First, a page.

Permanent URL to this publication: http://dx.doi.org/10.5167/uzh-46294
Willoughby, C E; Ponzin, D; Ferrari, S; Lobo, A; Landau, K; Omidi, Y (2010). Anatomy and physiology of the human eye: effects of mucopolysaccharidoses disease on structure and function – a review. Clinical and Experimental Ophthalmology, 38(S1):2-11.
- Registered users only
The current paper provides an overview of current knowledge on the structure and function of the eye. It describes in depth the different parts of the eye that are involved in the ocular manifestations seen in the mucopolysaccharidoses (MPS). The MPS are a group of rare inheritable lysosomal storage disorders characterized by the accumulation of glycosaminoglycans (GAGs) in cells and tissues all over the body, leading to widespread tissue and organ dysfunction. GAGs also tend to accumulate in several tissues of the eye, leading to various ocular manifestations affecting both the anterior (cornea, conjunctiva) and the posterior parts (retina, sclera, optic nerve) of the eye.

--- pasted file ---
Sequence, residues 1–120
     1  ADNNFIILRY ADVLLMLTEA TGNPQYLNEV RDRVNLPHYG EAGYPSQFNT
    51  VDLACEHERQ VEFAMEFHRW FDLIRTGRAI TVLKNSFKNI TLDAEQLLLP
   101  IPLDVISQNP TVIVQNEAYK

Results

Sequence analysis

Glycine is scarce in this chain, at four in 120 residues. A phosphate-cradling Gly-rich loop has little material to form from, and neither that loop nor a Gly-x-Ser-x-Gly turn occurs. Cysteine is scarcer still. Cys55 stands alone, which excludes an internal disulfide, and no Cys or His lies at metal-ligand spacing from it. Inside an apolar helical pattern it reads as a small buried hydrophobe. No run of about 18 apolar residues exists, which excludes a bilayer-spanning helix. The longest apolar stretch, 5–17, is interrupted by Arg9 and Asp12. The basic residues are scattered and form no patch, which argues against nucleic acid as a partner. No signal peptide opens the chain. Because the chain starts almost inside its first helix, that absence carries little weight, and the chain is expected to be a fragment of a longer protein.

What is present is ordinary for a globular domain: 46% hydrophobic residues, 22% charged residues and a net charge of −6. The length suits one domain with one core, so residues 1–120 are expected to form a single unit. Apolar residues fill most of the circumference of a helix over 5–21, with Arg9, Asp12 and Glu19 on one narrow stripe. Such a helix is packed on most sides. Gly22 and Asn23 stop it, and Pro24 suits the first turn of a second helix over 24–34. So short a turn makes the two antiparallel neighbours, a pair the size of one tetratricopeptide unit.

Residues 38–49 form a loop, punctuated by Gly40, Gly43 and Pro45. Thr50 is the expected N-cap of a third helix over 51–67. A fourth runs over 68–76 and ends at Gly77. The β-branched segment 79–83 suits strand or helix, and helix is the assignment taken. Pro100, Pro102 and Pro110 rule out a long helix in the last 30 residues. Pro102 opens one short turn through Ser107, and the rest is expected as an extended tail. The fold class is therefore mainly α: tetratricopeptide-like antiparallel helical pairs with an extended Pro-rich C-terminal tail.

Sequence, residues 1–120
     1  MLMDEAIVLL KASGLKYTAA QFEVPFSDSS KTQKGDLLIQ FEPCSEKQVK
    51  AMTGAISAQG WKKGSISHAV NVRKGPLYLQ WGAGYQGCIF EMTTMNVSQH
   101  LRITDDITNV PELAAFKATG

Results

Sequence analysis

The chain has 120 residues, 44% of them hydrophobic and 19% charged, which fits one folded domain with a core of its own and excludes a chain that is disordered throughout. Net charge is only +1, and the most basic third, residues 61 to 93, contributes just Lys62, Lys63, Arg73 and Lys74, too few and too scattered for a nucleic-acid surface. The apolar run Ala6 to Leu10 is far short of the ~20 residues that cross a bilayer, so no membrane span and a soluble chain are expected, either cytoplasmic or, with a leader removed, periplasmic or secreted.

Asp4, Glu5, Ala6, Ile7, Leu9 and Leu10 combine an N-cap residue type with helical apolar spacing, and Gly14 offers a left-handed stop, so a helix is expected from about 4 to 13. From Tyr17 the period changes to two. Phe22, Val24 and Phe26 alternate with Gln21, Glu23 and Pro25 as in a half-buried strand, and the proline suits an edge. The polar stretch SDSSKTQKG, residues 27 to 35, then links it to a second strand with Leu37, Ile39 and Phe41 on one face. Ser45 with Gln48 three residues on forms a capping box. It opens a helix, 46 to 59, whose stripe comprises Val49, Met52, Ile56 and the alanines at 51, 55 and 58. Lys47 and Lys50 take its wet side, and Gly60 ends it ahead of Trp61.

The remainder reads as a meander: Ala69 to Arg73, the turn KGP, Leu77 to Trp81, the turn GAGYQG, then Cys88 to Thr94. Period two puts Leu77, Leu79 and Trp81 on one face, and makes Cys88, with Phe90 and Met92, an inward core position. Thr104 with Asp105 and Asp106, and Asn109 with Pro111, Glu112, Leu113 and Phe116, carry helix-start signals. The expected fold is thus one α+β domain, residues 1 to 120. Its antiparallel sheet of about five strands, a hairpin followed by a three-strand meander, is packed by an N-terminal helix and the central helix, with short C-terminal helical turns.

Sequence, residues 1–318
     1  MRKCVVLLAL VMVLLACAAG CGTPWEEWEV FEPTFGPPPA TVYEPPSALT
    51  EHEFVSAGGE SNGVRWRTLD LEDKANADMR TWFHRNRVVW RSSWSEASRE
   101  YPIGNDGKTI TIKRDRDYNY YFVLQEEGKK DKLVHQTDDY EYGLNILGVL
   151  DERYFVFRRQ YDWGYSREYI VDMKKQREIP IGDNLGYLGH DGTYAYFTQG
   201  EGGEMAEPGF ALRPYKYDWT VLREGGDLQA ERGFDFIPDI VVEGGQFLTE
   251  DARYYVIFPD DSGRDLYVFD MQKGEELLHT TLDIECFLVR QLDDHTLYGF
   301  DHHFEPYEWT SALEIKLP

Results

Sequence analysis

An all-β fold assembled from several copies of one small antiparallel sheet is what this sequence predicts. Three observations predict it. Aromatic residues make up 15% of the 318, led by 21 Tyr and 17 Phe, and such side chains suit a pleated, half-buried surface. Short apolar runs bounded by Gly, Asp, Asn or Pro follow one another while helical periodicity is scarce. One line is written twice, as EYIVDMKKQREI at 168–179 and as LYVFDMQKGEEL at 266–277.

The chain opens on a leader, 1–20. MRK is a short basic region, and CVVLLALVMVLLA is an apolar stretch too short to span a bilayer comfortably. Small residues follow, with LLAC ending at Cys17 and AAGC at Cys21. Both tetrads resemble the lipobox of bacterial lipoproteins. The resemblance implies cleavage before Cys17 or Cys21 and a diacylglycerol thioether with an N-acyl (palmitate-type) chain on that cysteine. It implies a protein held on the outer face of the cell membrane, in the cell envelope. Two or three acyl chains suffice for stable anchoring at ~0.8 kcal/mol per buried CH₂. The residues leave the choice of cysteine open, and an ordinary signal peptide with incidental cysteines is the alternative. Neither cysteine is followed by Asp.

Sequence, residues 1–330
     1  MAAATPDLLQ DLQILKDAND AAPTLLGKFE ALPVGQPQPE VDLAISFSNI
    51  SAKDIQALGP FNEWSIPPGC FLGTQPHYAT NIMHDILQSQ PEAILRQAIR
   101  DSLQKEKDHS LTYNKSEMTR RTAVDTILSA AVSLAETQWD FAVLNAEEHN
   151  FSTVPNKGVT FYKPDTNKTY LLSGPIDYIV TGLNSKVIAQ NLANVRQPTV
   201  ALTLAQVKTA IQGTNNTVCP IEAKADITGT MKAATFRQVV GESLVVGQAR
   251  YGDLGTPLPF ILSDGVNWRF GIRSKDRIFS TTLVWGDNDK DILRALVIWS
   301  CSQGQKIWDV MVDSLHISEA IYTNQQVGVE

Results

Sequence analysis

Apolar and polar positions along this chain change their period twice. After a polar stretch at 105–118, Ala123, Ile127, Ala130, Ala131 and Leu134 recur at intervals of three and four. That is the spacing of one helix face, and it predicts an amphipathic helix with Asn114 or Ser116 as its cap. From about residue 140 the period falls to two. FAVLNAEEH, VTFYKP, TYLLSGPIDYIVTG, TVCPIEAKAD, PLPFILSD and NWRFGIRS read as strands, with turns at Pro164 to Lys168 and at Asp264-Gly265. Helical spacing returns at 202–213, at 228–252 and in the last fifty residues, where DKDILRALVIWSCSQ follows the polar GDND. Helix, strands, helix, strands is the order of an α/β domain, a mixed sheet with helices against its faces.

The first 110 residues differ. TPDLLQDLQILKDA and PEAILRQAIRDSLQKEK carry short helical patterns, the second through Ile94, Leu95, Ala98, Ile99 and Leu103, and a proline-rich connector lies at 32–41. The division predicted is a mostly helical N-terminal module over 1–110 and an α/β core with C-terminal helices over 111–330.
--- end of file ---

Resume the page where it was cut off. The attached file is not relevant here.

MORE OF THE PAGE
|Item Type:||Journal Article, refereed, further contribution|
|Communities & Collections:||04 Faculty of Medicine > University Hospital Zurich > Ophthalmology Clinic|
|DDC:||610 Medicine & health|
|Deposited On:||21 Feb 2011 10:08|
|Last Modified:||03 Dec 2013 05:54|
|Citations:||Web of Science®|
Scopus®. Citation Count: 1
Users (please log in): suggest update or correction for this item
Repository Staff Only: item control page